ILC Therapeutics announces research partnership with University of St Andrews to fight against COVID-19

UK-based biotechnology firm ILC Therapeutics has announced a research partnership with the University of St Andrews in a bid to progress a therapeutic drug which can treat COVID-19 towards clinical trials.

The biotech start-up is working with the university’s Dr Catherine Adamson from the School of Biology, specifically looking at the role that its drug Alfacyte™ can play in preventing COVID-19-induced Acute Respiratory Distress Syndrome (ARDS). By avoiding the onset of ARDS, this could reduce the need for many patients to be on a ventilator and could potentially limit both short and long-term damage to patients’ lungs.

Alfacyte™ is a drug based on a new Interferon Alpha subtype, Interferon Alpha 14, which is the most potent antiviral interferon in existence and requires very small doses for treatment. Interferons are natural human molecules which have strong antiviral properties. While Interferon Alpha 2 has been used globally for treatment of certain COVID-19 patients, ILC Therapeutics believes that Interferon Alpha 14 could be much more effective in the prevention of ARDS.

Dr Adamson specializes in virology and the development of antiviral drugs. She spent many years working for the US National Institutes of Health (NIH) HIV Drug Resistance Program and another major area of her work surrounds the role that interferons play within viral diseases and their subsequent treatment options.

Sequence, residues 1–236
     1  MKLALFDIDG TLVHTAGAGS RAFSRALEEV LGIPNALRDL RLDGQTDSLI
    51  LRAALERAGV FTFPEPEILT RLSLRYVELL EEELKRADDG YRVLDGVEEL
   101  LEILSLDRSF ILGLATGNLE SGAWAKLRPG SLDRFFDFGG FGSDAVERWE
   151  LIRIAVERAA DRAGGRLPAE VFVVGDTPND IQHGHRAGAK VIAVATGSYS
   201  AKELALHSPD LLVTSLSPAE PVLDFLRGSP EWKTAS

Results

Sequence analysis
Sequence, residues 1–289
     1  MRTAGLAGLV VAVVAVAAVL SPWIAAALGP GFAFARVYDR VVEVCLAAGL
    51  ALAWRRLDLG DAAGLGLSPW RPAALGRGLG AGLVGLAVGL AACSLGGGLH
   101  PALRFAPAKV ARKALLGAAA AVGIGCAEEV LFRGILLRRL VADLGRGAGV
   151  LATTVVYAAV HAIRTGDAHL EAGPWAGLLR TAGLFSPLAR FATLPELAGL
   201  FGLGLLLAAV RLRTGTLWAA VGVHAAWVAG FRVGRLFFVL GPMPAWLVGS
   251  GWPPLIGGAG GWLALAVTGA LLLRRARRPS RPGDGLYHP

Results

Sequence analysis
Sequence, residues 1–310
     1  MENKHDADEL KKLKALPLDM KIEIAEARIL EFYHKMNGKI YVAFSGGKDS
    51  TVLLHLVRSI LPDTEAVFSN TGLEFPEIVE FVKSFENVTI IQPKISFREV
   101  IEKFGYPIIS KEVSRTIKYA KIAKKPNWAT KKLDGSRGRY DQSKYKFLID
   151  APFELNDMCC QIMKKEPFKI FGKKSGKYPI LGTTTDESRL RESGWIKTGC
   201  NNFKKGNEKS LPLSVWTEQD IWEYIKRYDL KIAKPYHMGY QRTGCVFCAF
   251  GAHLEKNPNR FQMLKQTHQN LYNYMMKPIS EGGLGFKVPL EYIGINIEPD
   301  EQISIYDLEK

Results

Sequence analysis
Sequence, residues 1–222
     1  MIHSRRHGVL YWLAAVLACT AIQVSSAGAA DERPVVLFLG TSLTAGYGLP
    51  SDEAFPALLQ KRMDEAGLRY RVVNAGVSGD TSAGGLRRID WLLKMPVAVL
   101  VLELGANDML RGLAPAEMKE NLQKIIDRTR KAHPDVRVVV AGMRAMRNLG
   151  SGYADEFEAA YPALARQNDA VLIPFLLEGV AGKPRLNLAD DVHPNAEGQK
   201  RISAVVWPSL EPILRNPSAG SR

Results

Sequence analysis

We are delighted to be working with the University of St Andrews to develop our research and work as quickly as possible to bring this potential treatment option to those who need it. Dr Adamson’s work in the field of virology is highly respected, and to have her backing in our research for Alfacyte™ is invaluable as we progress towards eventual clinical trials.”

Professor William Stimson, ILC Therapeutics Founder and Chief Scientific Officer

I welcome the opportunity to work with ILC Therapeutics to carry out further research into the part interferons play in the innate immune system’s ability to fight COVID-19. By exploring this in more detail, we can hopefully move closer to having viable treatment options in the coming years.”

Dr Catherine Adamson, School of Biology

Dr Adamson will examine the effectiveness of Alfacyte™ in preventing COVID-19 viral replication in cultured human cells. This is a key step within the development of Alfacyte™ and is an important part of the pathway which leads to clinical trials.

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